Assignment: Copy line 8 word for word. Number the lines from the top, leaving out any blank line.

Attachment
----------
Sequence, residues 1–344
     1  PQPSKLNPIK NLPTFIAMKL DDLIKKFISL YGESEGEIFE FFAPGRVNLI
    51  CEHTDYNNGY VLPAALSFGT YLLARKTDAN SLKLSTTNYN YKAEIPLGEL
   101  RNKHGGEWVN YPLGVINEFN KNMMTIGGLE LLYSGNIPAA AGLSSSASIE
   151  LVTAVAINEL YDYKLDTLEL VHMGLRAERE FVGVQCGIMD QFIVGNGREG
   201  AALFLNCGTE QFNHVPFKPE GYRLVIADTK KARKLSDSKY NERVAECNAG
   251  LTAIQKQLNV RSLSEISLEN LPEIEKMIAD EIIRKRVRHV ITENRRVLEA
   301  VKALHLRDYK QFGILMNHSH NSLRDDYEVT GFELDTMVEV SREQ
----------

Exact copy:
   301  VKALHLRDYK QFGILMNHSH NSLRDDYEVT GFELDTMVEV SREQ